The Justice Department has released a long-sought legal memo arguing that then-President Donald Trump’s actions during special counsel Robert Mueller’s Trump-Russia investigation did not warrant prosecution for obstruction of justice, even if a president was susceptible to criminal charges while in office.
In the nine-page memo disclosed Wednesday, two of the most senior officials in the Justice Department advised then-Attorney General William Barr that Trump’s threats to fire Mueller and his various public and private outbursts against witnesses he viewed as hostile or unhelpful to him didn’t amount to the sort of case prosecutors would bring under their established standards.
“Having reviewed the Report in light of the governing legal principles, and the Principles of Federal Prosecution, we conclude that none of those instances would warrant a prosecution for obstruction of justice, without regard to the constitutional constraint on bringing such an action against a sitting president,” the assistant attorney general for the Office of Legal Counsel, Steven Engel, and Principal Associate Deputy Attorney General Edward O’Callaghan wrote in the March 24, 2019, memo.
The Justice Department fought release of the memo for years, arguing that it was part of a deliberative process advising Barr on what to do in response to Mueller’s report. However, judges concluded that at the time the memo was written, Barr had already decided not to charge Trump, so the issues hashed out in the memo were theoretical and not linked to any pending decision.
Citizens for Responsibility and Ethics in Washington, a liberal watchdog group, filed suit under the Freedom of Information Act three years ago in an effort to make the memo public.
The Justice Department lost the first round in the access case in front of a District Court judge, who ruled that the agency’s claims that the memo was part of some kind of charging decision was “disingenuous” because that decision had already been made.
On appeal, department lawyers changed course and argued that the memo helped shape the public statements Barr would give to explain why he concluded the evidence was insufficient to support a criminal charge — even if Trump were not president.
However, a D.C. Circuit Court of Appeals panel ruled last week that argument about the memo being part of deliberations around a communications effort was surfaced too belatedly to be considered.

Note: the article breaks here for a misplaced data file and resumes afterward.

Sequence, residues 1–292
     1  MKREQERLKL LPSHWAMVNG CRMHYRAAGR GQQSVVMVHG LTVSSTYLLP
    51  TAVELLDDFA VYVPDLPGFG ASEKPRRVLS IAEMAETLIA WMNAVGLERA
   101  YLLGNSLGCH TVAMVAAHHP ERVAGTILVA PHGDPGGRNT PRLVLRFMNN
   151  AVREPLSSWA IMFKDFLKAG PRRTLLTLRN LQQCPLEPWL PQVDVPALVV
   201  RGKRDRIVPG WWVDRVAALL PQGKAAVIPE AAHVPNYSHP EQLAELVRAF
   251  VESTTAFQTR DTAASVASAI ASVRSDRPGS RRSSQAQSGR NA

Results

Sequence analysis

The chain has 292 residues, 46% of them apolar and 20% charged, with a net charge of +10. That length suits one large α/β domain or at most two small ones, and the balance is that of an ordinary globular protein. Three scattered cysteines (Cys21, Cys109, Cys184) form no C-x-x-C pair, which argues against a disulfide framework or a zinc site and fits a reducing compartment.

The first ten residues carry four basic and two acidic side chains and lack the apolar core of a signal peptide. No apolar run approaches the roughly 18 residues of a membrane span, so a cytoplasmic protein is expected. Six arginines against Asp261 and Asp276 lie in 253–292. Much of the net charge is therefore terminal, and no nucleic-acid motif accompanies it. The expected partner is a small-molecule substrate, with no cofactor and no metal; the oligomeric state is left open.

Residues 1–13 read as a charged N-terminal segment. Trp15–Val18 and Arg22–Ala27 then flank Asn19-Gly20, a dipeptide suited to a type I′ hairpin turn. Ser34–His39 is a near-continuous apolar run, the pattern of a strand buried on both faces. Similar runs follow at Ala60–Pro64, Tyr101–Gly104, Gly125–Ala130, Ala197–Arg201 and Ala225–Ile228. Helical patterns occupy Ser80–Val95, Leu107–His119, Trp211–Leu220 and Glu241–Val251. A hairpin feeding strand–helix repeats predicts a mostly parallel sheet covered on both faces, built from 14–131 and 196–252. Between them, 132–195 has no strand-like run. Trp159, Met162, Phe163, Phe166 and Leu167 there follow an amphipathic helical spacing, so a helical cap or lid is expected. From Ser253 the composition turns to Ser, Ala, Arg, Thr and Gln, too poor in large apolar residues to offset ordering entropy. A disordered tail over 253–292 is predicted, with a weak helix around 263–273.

The Justice Department had the option to ask the full bench of the D.C. Circuit to rehear the case or to seek review at the Supreme Court, but officials indicated Wednesday that they’d decided to pass up those options.
In the memo that triggered the disclosure fight, Engel and O’Callaghan concluded that Trump’s conduct primarily reflected a frustration with the Mueller probe and what he perceived to be the politics behind it, as well as news reports they said Trump genuinely believed were flawed. They also suggested that Trump’s exhortations to some of his top allies against “flipping” were meant to prevent them from delivering false testimony — not to conceal the truth.
The officials repeatedly underscored that Mueller had not found sufficient evidence to charge any underlying crime, which they said weighed against the possibility that Trump had violated the obstruction statutes.
“In the absence of an underlying offense, the most compelling inference in evaluating the President’s conduct is that he reasonably believed that the Special Counsel’s investigation was interfering with his governing agenda,” Engel and O’Callaghan wrote.
Engel would later become a key point of resistance to Trump’s effort to use the Justice Department to help subvert the 2020 election. Engel was one of three Trump-era Justice Department witnesses to testify at a public hearing of the Jan. 6 select committee and discussed his threat to resign, along with other top department officials, if Trump had gone through with a plan to replace the department’s leadership with figures who would support his attempts to stay in power.
An Office of Legal Counsel opinion issued in 1973 — and reaffirmed in 2000 — concluded that federal criminal charges were impermissible while a president is in office.
However, some legal advocates have urged Attorney General Merrick Garland to revisit Barr’s decision not to charge Trump. They note that the Justice Department has generally taken the view that former presidents could be subject to prosecution for acts committed while in office, although it has never happened.